Top Ten First Day Grossers
- Jatt And Juliet 2 28 June ’13—Rs 1.26Cr
- Punjab 1984 27June ’14—Rs 1Cr
- Disco Singh 11 April 14—Rs 1Cr
- Jatt And Juliet 29 June ’12—Rs 78L
- Jatt James Bond 25 April ’14—Rs 76L
- Best Of Luck 26 July ’13—Rs 72L
- Carry on Jatta 27 July ’12—Rs 63L
- Lucky Di Unlucky Story 26 April ’13—Rs 61L
- Mirza 2 April ’12—Rs 60L
- Naughty Jats 2 Aug ’13—Rs 49L
Some articles seem headed towards death even before they are suggested. So it could have been with this piece. The objections seemed reasonable: Why a story on Punjabi cinema? What’s there to them other than slapstick, bhangra and a ‘Jatt’ in every other title? But there’s another side to it. Isn’t it unusual for a film to draw a huge crowd for a weekday afternoon show in a suburban multiplex? Punjab 1984 did just that a few weeks ago. Released the same week as Hindi biggie Ek Villain, this small Punjabi film—set during Operation Bluestar and Punjab’s years of militancy—opened to almost 100 per cent occupancy in Punjab, registering double the takings of Ek Villain in the state. Last heard, it had grossed Rs 21 crore worldwide. On a cost-to-returns ratio, trade experts say this is equivalent to a Hindi film grossing Rs 150 crore. “It’s a subject people related to. There was an instant emotional connect,” says its director Anurag Singh. “The film looked at the human side of the tragedy, not the political conflict.” Kiron Kher, who plays a mother in the film, calls it her best work yet. “She (the character) was stoic, had a sense of humour and a generosity of spirit which helped her reach out to the audience.”
But beyond its individual appeal, Punjab 1984 is a significant marker of the increasingly lucrative but not much recognised Punjabi film market: the number of Punjabi films being made, their budgets and the returns have all been on the rise. “There used to be only one film in six months, but the market has boomed,” says Pawan Gill, producer of Mundeyan Ton Bachke Rahin. “In 2012, there were just 4-5 A-grade Punjabi films. In 2013, it rose to 10-12 and in 2014 we have 20-22 lined up.” Sanjay Mehta, a Delhi-based distributor, says the bigger Punjabi films are getting as many as 28 shows and make it to the bigger screens at multiplexes in Punjabi-dominated pockets like Rajouri Gardens in west Delhi. And Shailesh Kapoor of Ormax Media describes the last two years’ growth of Punjabi films as “exponential”—the market extends beyond Punjab to Himachal, Haryana, Jammu, western UP, Uttarakhand, and of course the UK, US, Canada and Australia.
Stills from Jatt & Juliet
Punjabi cinema had been alive and kicking in 1950-60s, with Mehar Mittal as the big star. The award-winning Sutlej Ke Kanthe had Balraj Sahni in the lead. Nanak Naam Jahaaz Hai, with Prithviraj Kapoor and I.S. Johar, was the first blockbuster. Dara Singh dominated the 1970s, with films like Nanak Dukhiya Sab Sansar and Dukh Bhanjan Tera Naam raking it in. Bollywood stars like Dharmendra, Rajesh Khanna and Sunil Dutt often made special appearances. In fact, many a big Punjabi film was made by Dharmendra’s cousin Veerendra.
The decline began in the 1980s, and by the 1990s, Punjabi cinema was gasping, despite flashes-in-the-pan like Gurdas Mann’s Shaheed-e-Mohabbat Boota Singh and Jaspal Bhatti’s Mahaul Theek Hai. The gamechanger came in 2002 when Manmohan Singh, who used to be Yash Chopra’s cinematographer, made his Punjabi directorial venture, Jee Aayan Nu. He brought a modicum of professionalism to Punjabi cinema—which started the ascent to last year’s peak. Now, a new crop of young filmmakers is leading from the front: Anurag Singh, Sameep Kang and Dheeraj Rattan to name a few.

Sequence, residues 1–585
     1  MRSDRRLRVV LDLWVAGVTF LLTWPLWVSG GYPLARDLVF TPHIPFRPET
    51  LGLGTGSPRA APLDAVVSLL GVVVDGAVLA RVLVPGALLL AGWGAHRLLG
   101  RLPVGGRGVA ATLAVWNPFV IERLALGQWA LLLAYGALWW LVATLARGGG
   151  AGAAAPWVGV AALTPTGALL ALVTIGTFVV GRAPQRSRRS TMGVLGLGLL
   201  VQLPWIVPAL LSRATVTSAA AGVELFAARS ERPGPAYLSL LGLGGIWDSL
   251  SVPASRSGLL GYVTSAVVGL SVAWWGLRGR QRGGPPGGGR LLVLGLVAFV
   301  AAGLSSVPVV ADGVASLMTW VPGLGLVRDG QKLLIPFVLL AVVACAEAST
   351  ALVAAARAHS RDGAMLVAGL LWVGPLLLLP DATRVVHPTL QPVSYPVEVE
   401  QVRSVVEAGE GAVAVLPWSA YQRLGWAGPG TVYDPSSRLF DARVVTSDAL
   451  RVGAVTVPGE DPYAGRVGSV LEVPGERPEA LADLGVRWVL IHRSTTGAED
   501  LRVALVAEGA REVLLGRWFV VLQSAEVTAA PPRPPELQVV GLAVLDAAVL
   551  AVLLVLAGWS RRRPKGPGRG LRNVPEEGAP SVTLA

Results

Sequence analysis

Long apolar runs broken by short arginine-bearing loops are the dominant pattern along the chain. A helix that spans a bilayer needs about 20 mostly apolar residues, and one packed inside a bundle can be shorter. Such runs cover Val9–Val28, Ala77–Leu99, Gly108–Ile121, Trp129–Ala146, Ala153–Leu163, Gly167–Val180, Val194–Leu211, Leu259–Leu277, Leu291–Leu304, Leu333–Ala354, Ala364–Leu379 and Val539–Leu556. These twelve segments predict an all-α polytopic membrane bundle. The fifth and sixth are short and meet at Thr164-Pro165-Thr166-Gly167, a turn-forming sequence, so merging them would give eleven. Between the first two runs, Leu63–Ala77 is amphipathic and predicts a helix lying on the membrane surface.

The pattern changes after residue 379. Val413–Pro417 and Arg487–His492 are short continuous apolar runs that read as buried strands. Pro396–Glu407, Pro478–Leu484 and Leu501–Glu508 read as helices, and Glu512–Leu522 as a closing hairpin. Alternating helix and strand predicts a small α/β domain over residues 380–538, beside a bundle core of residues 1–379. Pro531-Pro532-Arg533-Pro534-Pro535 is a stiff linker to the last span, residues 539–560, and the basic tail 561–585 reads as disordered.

Anurag is a one-man hit-machine of sorts, but brushes aside the compliment. “It’s all about hard work and our team has been lucky,” says Anurag, who grew up and studied in Amritsar and Jalandhar before going to Melbourne for a course in media arts. He started off assisting Bollywood director Raj Kanwer and even made a Hindi film—Raqeeb, which didn’t quite click. The offer to direct a Punjabi film, Yaar Annmulle, came in 2011. The next year, he delivered Jatt & Juliet—the biggest Punjabi blockbuster yet, the spot towards which Punjab 1984 is inching. Budgets for his films doubled after Jatt & Juliet.
Stills from Mundeyan Ton Bachke Rahin
Now, even Bollywood is listening. Many Bollywood stars are seeking out roles in Punjabi films for the quick buck. Jimmy Shergill is a regular, with hits like Mel Karade Rabba and Munde UK De. Mahie Gill has acted in one, as has Zarine Khan, one of Salman Khan’s Katrina Kaif-lookalike leading ladies. Kiron Kher says she turned to Punjabi films for doing “something meaningful”.
The industry is consolidating itself, but there’s still a long way to go. Unlike Bollywood, based in Mumbai, the Punjabi cinema industry is not confined to one city but is spread across the state. The technicians usually come from Mumbai but the actors are from Punjab, most of them singing stars, like Diljit Dosanjh and Gippy Grewal. Post-production work is done in Mumbai studios.
But it’s not as if all Punjabi films are doing well: as in Bollywood, 80 per cent of films fall by the wayside. Content is often tepid. “They are still stuck in 1980-90s kind of bad Hindi cinema,” says Mehta. But in the midst of this mediocrity, Punjab 1984 stands out as a marked improvement. In fact, there are very few critically acclaimed Punjabi movies—Chann Pardesi and Marhi Da Deeva of the 1980s, and Anhey Ghode Da Daan of the arthouse circuit. Anup Singh’s Qissa, an international co-production, has also won acclaim as a niche film. But coming back to Punjab 1984, it seems to find the balance—good story-telling, aesthetics, and sound business sense—that Punjabi cinema might well achieve in the near future. “A new shift is about to happen. More interesting subjects will now be explored,” says Anurag Singhs. Perhaps then, people will look beyond the jokes, bhangra and the ubiquitious Jatt.